Back in 1990, a student in one of my classes recorded a couple of hours of casual conversation in the house he shared with four other men (all were straight, white and in their early 20s)*. He wanted to answer the question, ‘what do male friends talk about?’ Some of the answers were much as he’d expected: they talked about sports, drinking and dating. But there was another topic which occupied more time than anything else apart from sport–criticism of other men. To give you the flavour, here’s a chunk of the transcript (which I’ve simplified a bit to make it easier to read):

BRYAN: uh you know that really gay guy in our Age of Revolution class who sits in front of us? he wore shorts again, by the way, it’s like 42 degrees out he wore shorts again [laughter]

ED: That guy

BRYAN: it’s like a speedo, he wears a speedo to class he’s got incredibly skinny legs

ED: it’s worse you know you know like those shorts women volleyball players wear? it’s like those it’s like French cut spandex

BRYAN: you know what’s even more ridiculous? When you wear those shorts and like a parka on […] he’s either got some condition that he’s got to like have his legs exposed at all times or else he’s got really good legs

ED: he’s probably he’s like he’s like at home combing his leg hairs

BRYAN: he doesn’t have any leg hair though

ED: he really likes his legs

BRYAN: yes and oh those ridiculous Reeboks that are always (indeciph) and goofy white socks always striped tube socks

ED: that’s right he’s the antithesis of man

So, OK, what is this? Is it banter, or is it gossip? It does have some features of what Locke describes as typical all-male talk: the two men I’ve called ‘Ed’ and ‘Bryan’ are talking in a way they evidently find amusing, and they’re doing it in front of an audience (the three other men who share the house). But in other respects it doesn’t conform to Locke’s template for male verbal duelling: it’s more of a collaborative duet. The speakers aren’t ‘humorously denigrating’ one another, they’re talking about someone else behind his back. They aren’t expressing conflicting views—on the contrary, what they’re constructing is very much a shared view of the ‘really gay guy’ as ‘the antithesis of man’.

Why would young men gossip? The short answer is, for the same reasons anyone gossips. People who study gossip (they include anthropologists, sociologists, historians and linguists) say it’s ubiquitous in human cultures–despite the fact that most communities claim to disapprove of it–because it serves a number of important social purposes. One of these is circulating personal information, which enables members of a community to keep track of others’ activities and relationships. Another is the one Locke emphasises in his discussion of all-female talk, namely bonding. When you talk about absent others you’re constituting them as an out-group and yourselves as an in-group: if what you’re sharing is sensitive information–like a secret or a negative opinion about someone–that will strengthen the feeling of intimacy among those present.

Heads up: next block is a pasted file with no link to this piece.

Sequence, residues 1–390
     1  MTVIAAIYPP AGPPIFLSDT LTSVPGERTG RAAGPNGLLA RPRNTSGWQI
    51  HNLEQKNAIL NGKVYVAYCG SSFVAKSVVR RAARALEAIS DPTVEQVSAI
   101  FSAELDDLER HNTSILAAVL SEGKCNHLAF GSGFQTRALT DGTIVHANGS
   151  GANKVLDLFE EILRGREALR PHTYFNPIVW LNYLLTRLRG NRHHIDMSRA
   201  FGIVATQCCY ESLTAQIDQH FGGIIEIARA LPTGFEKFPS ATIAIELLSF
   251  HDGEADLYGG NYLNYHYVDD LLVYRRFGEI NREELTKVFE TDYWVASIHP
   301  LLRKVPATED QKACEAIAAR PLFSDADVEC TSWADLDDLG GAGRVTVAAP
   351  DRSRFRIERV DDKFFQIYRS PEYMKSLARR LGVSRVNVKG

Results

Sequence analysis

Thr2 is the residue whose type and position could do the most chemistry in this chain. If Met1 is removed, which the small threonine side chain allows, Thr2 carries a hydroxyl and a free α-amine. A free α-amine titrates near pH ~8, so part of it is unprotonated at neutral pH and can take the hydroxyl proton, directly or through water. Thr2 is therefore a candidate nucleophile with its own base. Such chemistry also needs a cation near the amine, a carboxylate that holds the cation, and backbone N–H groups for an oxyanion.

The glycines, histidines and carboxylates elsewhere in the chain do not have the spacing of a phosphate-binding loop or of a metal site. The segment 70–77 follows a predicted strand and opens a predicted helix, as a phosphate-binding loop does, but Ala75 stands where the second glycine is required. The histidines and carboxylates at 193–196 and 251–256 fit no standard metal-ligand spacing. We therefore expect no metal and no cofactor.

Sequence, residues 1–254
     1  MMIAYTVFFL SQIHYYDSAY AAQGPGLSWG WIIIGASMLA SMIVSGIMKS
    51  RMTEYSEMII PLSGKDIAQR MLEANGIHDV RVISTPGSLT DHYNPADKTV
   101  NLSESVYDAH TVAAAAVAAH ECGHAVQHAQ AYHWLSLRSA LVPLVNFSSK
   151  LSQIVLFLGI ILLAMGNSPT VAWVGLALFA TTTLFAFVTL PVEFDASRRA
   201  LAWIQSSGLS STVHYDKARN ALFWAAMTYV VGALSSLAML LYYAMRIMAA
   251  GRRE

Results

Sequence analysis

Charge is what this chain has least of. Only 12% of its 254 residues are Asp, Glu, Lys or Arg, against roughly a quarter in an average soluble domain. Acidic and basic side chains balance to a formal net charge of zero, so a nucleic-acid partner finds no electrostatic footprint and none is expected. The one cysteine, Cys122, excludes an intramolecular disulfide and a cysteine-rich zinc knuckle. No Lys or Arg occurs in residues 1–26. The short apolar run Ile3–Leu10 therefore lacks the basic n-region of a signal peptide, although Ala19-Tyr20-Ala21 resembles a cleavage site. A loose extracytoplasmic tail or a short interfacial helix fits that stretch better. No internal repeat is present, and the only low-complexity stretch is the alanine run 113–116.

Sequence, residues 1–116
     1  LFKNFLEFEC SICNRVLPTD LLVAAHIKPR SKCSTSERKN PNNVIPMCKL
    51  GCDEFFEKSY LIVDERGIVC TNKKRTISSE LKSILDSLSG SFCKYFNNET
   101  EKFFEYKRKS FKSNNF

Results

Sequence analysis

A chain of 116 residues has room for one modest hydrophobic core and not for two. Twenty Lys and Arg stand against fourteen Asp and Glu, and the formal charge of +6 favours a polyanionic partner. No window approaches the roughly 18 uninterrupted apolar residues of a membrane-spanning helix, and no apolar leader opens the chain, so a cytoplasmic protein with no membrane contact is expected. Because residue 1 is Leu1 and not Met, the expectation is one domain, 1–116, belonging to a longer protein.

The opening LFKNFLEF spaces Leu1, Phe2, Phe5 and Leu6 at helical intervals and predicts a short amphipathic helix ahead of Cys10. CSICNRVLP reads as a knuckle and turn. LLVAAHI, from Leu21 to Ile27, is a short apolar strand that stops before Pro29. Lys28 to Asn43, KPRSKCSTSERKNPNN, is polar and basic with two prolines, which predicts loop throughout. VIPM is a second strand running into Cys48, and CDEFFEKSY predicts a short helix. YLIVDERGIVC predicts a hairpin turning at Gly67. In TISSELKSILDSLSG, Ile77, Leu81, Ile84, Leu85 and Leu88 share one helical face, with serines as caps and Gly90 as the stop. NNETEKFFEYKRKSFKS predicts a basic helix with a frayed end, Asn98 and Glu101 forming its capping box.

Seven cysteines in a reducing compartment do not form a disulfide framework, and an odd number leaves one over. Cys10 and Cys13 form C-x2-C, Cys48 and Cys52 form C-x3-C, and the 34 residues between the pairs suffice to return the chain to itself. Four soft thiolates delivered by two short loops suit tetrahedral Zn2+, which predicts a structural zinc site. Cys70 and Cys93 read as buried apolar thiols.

A third purpose gossip serves, especially when it’s critical or judgmental, is to affirm the group’s commitment to particular norms and values. That’s clearly one thing that’s going on in Ed and Bryan’s duet. By describing the absent ‘gay guy’ as ‘the antithesis of man’, they’re also bonding around their own, very different code of properly masculine behaviour.

It may seem paradoxical that the vehicle for this heterosexual male bonding is a kind of talk which is stereotypically associated with women (not to mention that the main subject discussed is the very thing these men claim to have no interest in—other men’s bodies). But it’s only really a paradox if you take the stereotype at face value. The fact is that both sexes gossip: one survey conducted in 2009 found that men reported spending slightly more time on gossip than women. And respondents of both sexes gave the same reason for doing it: they said that gossiping made them feel like ‘part of the gang’.

But if everyone gossips, why has gossip been decried for centuries as a specifically female vice? The historical record is full of injunctions to women to avoid gossip, which was variously denounced as idle, frivolous, anti-social, sinful and even a cover for witchcraft.  Noting that the word ‘gossip’ in early modern English meant a close female companion who stayed with a woman in childbirth, Suzanne Romaine mentions one reason why this role prompted anxiety:

Professions such as midwifery allowed women passage between households, largely free of male control, to exchange …knowledge of intimate matters such as contraception and abortion.